Democrats push to allow religious headwear within U.S. Congress

Hats and head coverings of any kind were prohibited from the House following the passage of a motion on proper decorum in 1837.

By MAYA MARGIT/THE MEDIA LINE
November 18, 2018 18:36
2 minute read.
Jewish kippa

A member of the Jewish community wears a kippa. (photo credit: REUTERS)

 
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Democrats are seeking to overturn a 181-year-old ban on wearing head coverings in the United States House of Representatives in a bid to accommodate lawmakers’ religious beliefs.

Democratic leader Nancy Pelosi (Calif.), incoming Rules Committee Chairman Jim McGovern (D-Mass.) and Rep.-elect Ilhan Omar (D-Minn.) proposed the rule change as part of a wider reform package, according to U.S. media. The move would enable legislators to don Jewish skullcaps, or kippahs, as well as Islamic headscarves, or hijabs, inside the House chamber of the Capitol.

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The Somali-born Omar became one of the first two Muslim women ever elected to Congress in this month’s midterms. The other, Michigan’s Rashida Tlaib, who is of Palestinian descent, does not wear a head covering.

“No one puts a scarf on my head but me. It’s my choice—one protected by the first amendment. And this is not the last ban I’m going to work to lift,” Omar wrote over the weekend on her Twitter account.

Hats and head coverings of any kind were prohibited from the House following the passage of a motion on proper decorum in 1837.

“I think [this change is] absolutely harmless,” Eugene Kontorovich, a professor at George Mason University’s Antonin Scalia Law School and head of the International Law Department at Kohelet Forum, told The Media Line. “My understanding is that the original rule doesn’t have anything to do with religion; it’s more connected to what the manners were like in the 1830s when this rule was passed. It used to be considered impolite for people to wear hats indoors, and while that may still be the case, I don’t think a rule on etiquette applies to religious headgear.

“America is not a country like France,” Dr. Kontorovich concluded, referring to the French concept of “laïcité” (literally, secularity), which enshrines secularism as a constitutional value.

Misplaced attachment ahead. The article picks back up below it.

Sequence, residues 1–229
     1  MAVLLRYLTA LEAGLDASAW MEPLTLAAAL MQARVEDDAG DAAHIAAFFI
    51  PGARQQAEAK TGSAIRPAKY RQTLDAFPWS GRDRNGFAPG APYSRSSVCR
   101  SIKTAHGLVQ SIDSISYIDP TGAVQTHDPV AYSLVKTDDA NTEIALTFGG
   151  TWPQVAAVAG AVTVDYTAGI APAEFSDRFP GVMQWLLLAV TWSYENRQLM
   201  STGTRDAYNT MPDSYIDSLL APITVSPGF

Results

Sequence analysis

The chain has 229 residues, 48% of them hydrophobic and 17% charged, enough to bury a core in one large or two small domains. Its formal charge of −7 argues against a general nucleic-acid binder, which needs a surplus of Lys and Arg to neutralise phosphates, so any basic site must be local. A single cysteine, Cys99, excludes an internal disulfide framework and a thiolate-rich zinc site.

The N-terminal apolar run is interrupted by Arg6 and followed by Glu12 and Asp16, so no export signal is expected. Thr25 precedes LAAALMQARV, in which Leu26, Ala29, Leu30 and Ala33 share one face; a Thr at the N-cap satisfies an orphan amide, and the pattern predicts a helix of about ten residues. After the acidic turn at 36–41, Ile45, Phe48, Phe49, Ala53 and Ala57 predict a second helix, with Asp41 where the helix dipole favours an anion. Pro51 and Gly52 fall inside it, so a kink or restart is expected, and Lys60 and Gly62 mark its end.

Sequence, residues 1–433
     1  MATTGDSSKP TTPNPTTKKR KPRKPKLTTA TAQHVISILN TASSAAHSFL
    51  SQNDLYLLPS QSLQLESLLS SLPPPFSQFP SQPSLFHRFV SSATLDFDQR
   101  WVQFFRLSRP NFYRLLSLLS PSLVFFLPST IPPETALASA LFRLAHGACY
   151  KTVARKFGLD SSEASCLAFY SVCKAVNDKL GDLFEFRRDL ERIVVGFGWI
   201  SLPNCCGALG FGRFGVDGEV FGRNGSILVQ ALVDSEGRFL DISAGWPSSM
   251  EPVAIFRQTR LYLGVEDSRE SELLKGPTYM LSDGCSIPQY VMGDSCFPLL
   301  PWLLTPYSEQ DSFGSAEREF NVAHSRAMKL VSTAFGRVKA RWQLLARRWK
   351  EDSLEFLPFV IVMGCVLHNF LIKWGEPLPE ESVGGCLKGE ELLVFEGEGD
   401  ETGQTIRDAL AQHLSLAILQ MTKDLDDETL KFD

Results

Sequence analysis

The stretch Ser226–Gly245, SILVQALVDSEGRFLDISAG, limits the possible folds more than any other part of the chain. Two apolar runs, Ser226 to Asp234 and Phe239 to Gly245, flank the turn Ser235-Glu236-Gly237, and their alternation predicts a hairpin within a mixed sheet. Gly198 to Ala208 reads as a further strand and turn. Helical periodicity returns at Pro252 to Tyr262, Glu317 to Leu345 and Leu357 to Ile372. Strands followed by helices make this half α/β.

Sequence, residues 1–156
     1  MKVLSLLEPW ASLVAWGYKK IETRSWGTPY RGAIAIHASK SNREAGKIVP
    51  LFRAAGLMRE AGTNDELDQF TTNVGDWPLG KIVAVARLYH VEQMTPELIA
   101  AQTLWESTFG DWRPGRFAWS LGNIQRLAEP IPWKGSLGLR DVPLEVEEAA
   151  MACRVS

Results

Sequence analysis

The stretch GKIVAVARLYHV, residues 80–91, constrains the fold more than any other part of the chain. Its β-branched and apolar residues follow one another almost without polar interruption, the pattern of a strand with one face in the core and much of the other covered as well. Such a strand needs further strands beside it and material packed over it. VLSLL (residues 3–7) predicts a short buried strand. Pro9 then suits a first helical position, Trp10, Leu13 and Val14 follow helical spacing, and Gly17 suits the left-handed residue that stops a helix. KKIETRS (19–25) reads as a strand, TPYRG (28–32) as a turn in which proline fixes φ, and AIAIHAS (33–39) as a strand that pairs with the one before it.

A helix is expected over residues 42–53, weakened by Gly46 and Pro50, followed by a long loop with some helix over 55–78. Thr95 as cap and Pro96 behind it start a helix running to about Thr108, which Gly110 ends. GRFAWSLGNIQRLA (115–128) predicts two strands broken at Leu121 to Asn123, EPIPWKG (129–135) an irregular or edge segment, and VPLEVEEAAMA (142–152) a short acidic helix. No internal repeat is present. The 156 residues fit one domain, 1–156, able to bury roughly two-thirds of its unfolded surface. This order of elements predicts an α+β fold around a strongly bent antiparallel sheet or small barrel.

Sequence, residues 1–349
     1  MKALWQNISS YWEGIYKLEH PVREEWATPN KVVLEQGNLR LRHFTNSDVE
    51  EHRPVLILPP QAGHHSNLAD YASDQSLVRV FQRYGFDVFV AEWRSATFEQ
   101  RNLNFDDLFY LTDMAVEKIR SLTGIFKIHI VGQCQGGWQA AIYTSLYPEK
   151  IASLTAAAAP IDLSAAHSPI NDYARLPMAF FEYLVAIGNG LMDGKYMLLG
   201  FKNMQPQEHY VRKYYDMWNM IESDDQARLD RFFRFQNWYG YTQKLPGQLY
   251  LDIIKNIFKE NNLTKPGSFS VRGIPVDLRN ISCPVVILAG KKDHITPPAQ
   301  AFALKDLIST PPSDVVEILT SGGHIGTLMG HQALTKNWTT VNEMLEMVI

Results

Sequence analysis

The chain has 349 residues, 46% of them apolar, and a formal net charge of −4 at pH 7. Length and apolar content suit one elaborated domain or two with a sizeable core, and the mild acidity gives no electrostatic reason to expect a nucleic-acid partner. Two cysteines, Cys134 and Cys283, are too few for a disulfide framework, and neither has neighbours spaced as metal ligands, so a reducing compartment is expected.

Earlier this year, France passed a law banning lawmakers from wearing any religious garb or symbols. This followed similar legislation in 2010, which forbade the wearing of face-coverings such as masks, burqas, niqabs and other veils in public spaces.


“In France, it really is against the law to appear in public in various governmental functions with any kind of religious [garb],” Dr. Kontorovich affirmed. “But in America the separation of church and state just means that the government does not get involved in matters of religion and there is a right of religious observance.”

However, other international law experts contend that government functionaries should not be allowed to outwardly express religiosity.

“In the public sphere or when you’re a public servant, you don’t exhibit your religious beliefs,” Prof. Yossi Shain, head of the School of Political Science, Government and International Affairs at Tel Aviv University, conveyed to The Media Line. “In my opinion, Western society must forbid the wearing of the burqa in society and I also don’t believe that people in government roles should be displaying religious symbols: not Jewish, not Muslim, not Sikh—not anything.”

Accordingly, Dr. Shain does not believe that the Congressional rule should be altered.

“Uncovered heads and faces are part of Western culture,” he asserted. “If you want to wear a yarmulke, please do so in a synagogue. But if in the Congress it was decided that one should not wear a hat, then one shouldn’t do so.”

For more stories go to themedialine.org.

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